White oval pill with 58 on one side and tv on the other

Not Medical Advice: Pill imprint TV 58 has been identified as Tramadol hydrochloride 50 mg.

Tramadol is a narcotic-like pain reliever that is used to treat moderate to severe pain. It is used in the treatment of back pain, chronic pain, anxiety, rheumatoid arthritis and more.

The extended-release form of tramadol is for around-the-clock treatment of pain. This form of tramadol is not for use on an as-needed basis for pain.

You should not take tramadol if you have severe breathing problems, a blockage in your stomach or intestines, or if you have recently used alcohol, sedatives, tranquilizers, narcotic medication, or an MAO inhibitor (isocarboxazid, linezolid, methylene blue injection, phenelzine, rasagiline, selegiline, tranylcypromine, and others).

Tramadol can slow or stop your breathing, and may be habit-forming. MISUSE OF THIS MEDICINE CAN CAUSE ADDICTION, OVERDOSE, OR DEATH, especially in a child or other person using the medicine without a prescription.

This medicine is not for use in children younger than 12 years old. Ultram ER should not be given to anyone younger than 18 years old.

Taking tramadol during pregnancy may cause life-threatening withdrawal symptoms in the newborn.

Fatal side effects can occur if you use tramadol with alcohol, or with other drugs that cause drowsiness or slow your breathing.

You should not take tramadol if you are allergic to it, or if you have:

severe asthma or breathing problems;

a blockage in your stomach or intestines;

if you have recently used alcohol, sedatives, tranquilizers, or narcotic medications; or

if you have used an MAO inhibitor in the past 14 days (such as isocarboxazid, linezolid, methylene blue injection, phenelzine, rasagiline, selegiline, or tranylcypromine).

Tramadol should not be given to a child younger than 12 years old. Ultram ER should not be given to anyone younger than 18 years old.

Do not give tramadol to anyone younger than 18 years old who recently had surgery to remove the tonsils or adenoids.

Take tramadol exactly as prescribed. Follow all directions on your prescription label. Tramadol can slow or stop your breathing, especially when you start using this medicine or whenever your dose is changed. Never take tramadol in larger amounts, or for longer than prescribed. Tell your doctor if the medicine seems to stop working as well in relieving your pain.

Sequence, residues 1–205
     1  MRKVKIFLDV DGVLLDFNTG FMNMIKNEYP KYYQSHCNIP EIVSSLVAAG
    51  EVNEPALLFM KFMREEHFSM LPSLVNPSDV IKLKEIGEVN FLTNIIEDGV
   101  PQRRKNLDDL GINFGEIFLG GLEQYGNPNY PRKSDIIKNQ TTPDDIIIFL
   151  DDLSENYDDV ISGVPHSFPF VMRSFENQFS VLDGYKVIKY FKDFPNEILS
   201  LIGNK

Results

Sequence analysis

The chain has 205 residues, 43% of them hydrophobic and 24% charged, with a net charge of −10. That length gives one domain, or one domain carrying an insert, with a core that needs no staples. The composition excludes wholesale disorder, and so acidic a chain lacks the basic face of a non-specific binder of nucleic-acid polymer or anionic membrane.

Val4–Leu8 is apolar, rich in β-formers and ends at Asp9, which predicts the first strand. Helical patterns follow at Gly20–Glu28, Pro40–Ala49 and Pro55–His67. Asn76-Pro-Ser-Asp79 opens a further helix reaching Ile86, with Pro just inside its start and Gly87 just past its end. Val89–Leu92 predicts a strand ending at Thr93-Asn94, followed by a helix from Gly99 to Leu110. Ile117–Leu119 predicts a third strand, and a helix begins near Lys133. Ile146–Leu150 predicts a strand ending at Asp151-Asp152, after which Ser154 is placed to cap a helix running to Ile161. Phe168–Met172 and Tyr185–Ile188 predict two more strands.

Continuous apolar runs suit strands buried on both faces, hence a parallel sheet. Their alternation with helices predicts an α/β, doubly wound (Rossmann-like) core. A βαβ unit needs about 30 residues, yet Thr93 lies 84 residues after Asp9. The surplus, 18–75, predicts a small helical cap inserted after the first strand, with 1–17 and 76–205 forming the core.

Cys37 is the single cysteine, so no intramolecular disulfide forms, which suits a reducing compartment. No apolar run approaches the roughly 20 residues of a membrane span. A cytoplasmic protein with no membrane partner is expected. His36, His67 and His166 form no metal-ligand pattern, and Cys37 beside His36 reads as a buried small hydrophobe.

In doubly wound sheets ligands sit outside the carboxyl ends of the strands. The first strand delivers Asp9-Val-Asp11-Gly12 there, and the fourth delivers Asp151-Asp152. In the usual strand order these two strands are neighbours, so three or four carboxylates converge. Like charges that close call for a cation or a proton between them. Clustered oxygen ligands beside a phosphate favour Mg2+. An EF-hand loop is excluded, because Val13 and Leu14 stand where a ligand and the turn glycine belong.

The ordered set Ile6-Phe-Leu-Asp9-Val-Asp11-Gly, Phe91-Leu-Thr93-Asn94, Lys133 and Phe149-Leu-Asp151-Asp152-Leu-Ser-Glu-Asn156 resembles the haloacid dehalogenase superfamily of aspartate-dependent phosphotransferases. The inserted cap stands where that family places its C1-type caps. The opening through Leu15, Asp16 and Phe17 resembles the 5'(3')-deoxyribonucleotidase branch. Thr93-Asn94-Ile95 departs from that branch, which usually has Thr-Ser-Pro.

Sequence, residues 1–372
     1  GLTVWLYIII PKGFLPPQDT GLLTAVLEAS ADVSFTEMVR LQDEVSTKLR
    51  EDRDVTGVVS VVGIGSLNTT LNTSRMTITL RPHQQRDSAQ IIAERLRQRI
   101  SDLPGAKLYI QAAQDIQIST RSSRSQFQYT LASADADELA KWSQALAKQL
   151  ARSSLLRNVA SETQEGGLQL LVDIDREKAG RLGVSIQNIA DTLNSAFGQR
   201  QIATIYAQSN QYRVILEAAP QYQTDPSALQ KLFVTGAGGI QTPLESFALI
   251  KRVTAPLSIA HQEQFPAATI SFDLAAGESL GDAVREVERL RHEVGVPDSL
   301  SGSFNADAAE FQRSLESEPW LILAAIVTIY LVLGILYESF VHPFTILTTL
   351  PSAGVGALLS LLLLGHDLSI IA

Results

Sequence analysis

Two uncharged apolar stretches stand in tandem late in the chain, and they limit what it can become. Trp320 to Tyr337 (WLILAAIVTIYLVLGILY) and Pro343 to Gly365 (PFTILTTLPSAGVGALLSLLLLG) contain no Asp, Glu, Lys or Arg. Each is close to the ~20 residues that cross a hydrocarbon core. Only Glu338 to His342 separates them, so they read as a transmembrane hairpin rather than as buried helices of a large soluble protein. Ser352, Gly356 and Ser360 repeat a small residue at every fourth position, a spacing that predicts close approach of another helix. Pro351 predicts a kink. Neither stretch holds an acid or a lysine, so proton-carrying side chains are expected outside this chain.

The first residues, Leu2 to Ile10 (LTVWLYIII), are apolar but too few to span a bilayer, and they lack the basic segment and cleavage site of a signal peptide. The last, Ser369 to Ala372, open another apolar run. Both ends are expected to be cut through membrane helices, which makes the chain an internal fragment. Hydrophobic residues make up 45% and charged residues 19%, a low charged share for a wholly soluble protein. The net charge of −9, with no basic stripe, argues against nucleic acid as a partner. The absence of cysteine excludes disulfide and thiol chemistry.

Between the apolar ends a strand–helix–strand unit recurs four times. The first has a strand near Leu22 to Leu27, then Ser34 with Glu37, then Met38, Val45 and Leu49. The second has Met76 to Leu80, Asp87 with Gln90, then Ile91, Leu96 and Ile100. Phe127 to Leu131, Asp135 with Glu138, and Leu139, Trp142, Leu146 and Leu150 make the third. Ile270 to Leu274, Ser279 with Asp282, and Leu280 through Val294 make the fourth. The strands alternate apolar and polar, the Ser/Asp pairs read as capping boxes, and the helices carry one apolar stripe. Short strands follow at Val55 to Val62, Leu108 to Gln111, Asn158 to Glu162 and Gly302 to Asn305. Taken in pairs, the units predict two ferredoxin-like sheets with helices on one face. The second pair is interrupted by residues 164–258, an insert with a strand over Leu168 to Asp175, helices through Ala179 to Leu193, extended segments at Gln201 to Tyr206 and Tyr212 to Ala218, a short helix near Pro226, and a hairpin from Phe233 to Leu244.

Tramadol Dosage

Applies to the following strength(s): 50 mg ; 100 mg/24 hours ; 200 mg/24 hours ; 300 mg/24 hours ; 150 mg/24 hours.

Usual Adult Dose for Pain

Immediate-release: 50 to 100 mg orally every 4 to 6 hours as needed for pain

Maximum dose: 400 mg per day

Usual Adult Dose for Chronic Pain

For patients with moderate to moderately severe chronic pain not requiring rapid onset of analgesic effect, tolerability can be improved by initiating slowly

Immediate-Release:

-Initial dose: 25 mg orally once a day; titrate in 25 mg increments every 3 days to reach a dose of 25 mg four times a day; thereafter increase by 50 mg as tolerated every 3 days to reach a dose of 50 mg four times a day

-Maintenance dose: After titration, 50 to 100 mg orally as needed for pain every 4 to 6 hours

-Maximum dose: 400 mg per day

Extended-Release:

-Initial dose (tramadol-naive): 100 mg orally once a day; titrate upwards in 100 mg increments every 5 days as needed and as tolerated.

-Maximum Dose: 300 mg orally per day

Get emergency medical help if you have signs of an allergic reaction to tramadol: hives; difficulty breathing; swelling of your face, lips, tongue, or throat.

Call your doctor at once if you have:

noisy breathing, sighing, shallow breathing;

a slow heart rate or weak pulse;>####a light-headed feeling, like you might pass out;

seizure (convulsions);

infertility, missed menstrual periods;

impotence, sexual problems, loss of interest in sex;

low cortisol levels - nausea, vomiting, loss of appetite, dizziness, worsening tiredness or weakness; or

severe skin reaction - fever, sore throat, swelling in your face or tongue, burning in your eyes, skin pain, followed by a red or purple skin rash that spreads (especially in the face or upper body) and causes blistering and peeling.

Seek medical attention right away if you have symptoms of serotonin syndrome, such as: agitation, hallucinations, fever, sweating, shivering, fast heart rate, muscle stiffness, twitching, loss of coordination, nausea, vomiting, or diarrhea.

Do not drink alcohol. Dangerous side effects or death could occur. In case of overdosing, seek emergency medical attention or call the Poison Help line at 1-800-222-1222.

Get more detailed info about Tramadol and its uses, side effects, dosage and more at Drugs.com.

Of interest, an African plant called Nauclea latifolia has been found to be a natural source of the synthetic opioid tramadol.

It is colloquially known as the African peach or pin cushion tree and grows widely across Central and West Africa and is used by local populations to treat a wide variety of ailments, including epilepsy, malaria, general pain and many infectious diseases. Learn more here.

Tip! Prevention.com shares 8 Surprising (And Natural) Ways To Beat Pain.

Tag: pill 
Tuesday, September 05 2017
Source: http://www.drugs.com/imprints/tv-58-17280.html